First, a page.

Grey and white matter changes across the amyotrophic lateral sclerosis-frontotemporal dementia continuum

Lillo, Patricia, Mioshi, Eneida, Burrell, James R., Kiernan, Matthew C., Hodges, John R. and Hornberger, Michael (2012) Grey and white matter changes across the amyotrophic lateral sclerosis-frontotemporal dementia continuum. PLoS One, 7 (8). ISSN 1932-6203

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Abstract

There is increasing evidence that amyotrophic lateral sclerosis (ALS) and frontotemporal dementia (FTD) lie on a clinical, pathological and genetic continuum with patients of one disease exhibiting features of the other. Nevertheless, to date, the underlying grey matter and white matter changes across the ALS-FTD disease continuum have not been explored. In this study fifty-three participants with ALS (n = 10), ALS-FTD (n = 10) and behavioural variant FTD (bvFTD; n = 15) as well as controls (n = 18), underwent detailed clinical assessment plus structural imaging using voxel-based morphometry (VBM) and diffusion tensor imaging (DTI) analysis of magnetic resonance brain imaging to examine grey and white matter differences and commonalities across the continuum. Importantly, patient groups were matched for age, education, gender and disease duration. VBM and DTI results showed that changes in the ALS group were confined mainly to the motor cortex and anterior cingulate as well as their underlying white matter tracts. ALS-FTD and bvFTD showed widespread grey matter and white matter changes involving frontal and temporal lobes. Extensive prefrontal cortex changes emerged as a marker for bvFTD compared to other subtypes, while ALS-FTD could be distinguished from ALS by additional temporal lobe grey and white matter changes. Finally, ALS could be mainly distinguished from the other two groups by corticospinal tract degeneration. The present study shows for the first time that FTD and ALS overlap in anterior cingulate, motor cortex and related white matter tract changes across the whole continuum. Nevertheless, frontal and temporal atrophy as well as corticospinal tract degeneration emerged as marker for subtype classification, which will inform future diagnosis and target disease management across the continuum.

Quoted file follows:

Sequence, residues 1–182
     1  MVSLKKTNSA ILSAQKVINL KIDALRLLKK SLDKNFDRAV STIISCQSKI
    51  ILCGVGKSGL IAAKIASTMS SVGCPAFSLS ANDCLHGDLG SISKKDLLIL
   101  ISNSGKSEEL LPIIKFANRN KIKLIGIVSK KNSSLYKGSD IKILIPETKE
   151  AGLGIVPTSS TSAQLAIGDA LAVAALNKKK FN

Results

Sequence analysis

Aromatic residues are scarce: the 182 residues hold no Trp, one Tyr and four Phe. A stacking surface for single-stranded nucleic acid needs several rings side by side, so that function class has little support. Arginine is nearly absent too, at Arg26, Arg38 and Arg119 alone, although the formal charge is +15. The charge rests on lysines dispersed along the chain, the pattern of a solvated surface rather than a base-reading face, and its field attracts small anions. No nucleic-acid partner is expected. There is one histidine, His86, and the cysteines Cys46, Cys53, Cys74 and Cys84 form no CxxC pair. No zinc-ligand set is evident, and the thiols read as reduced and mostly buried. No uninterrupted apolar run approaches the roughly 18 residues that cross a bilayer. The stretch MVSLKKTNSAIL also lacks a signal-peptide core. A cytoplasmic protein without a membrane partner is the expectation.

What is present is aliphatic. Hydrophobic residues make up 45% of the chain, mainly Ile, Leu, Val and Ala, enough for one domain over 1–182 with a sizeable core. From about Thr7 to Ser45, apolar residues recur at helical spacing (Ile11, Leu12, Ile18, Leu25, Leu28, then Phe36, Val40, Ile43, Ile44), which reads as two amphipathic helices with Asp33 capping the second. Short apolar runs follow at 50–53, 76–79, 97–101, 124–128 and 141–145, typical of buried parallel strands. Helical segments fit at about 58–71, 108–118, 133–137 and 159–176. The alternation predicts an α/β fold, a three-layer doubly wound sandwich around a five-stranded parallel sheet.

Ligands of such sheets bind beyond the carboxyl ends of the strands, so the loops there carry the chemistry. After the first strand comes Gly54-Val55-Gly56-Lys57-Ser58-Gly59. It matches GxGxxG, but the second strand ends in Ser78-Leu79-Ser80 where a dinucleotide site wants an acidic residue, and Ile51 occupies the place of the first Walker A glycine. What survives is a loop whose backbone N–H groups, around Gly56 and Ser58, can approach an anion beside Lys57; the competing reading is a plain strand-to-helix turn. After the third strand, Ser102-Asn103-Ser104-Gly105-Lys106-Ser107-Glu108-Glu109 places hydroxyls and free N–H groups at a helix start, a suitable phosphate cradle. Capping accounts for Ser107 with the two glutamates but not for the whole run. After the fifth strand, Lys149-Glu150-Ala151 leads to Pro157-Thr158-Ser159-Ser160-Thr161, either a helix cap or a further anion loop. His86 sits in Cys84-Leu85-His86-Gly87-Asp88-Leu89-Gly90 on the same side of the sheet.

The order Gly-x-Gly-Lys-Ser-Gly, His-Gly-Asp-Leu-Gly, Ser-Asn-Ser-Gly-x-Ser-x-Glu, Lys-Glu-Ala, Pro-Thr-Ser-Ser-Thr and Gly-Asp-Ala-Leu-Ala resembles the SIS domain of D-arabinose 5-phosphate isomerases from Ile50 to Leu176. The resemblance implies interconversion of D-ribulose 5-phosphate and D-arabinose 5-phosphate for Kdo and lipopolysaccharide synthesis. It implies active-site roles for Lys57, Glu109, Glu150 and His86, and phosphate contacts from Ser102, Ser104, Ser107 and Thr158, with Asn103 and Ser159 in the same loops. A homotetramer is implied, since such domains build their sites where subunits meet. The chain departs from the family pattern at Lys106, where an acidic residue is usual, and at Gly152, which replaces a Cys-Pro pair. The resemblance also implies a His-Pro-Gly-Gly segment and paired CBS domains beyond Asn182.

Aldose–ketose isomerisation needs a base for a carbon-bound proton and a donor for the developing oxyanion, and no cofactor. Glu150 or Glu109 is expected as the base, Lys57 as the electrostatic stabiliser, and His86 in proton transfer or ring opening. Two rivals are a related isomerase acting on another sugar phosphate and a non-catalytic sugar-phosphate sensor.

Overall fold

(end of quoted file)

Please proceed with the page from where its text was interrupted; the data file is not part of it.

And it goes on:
Item Type: Article
Faculty \ School: Faculty of Medicine and Health Sciences > School of Health Sciences
Faculty of Medicine and Health Sciences > Norwich Medical School
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Depositing User: Pure Connector
Date Deposited: 04 Jan 2016 17:00
Last Modified: 31 Oct 2019 14:44
URI: https://ueaeprints.uea.ac.uk/id/eprint/55973
DOI: 10.1371/journal.pone.0043993

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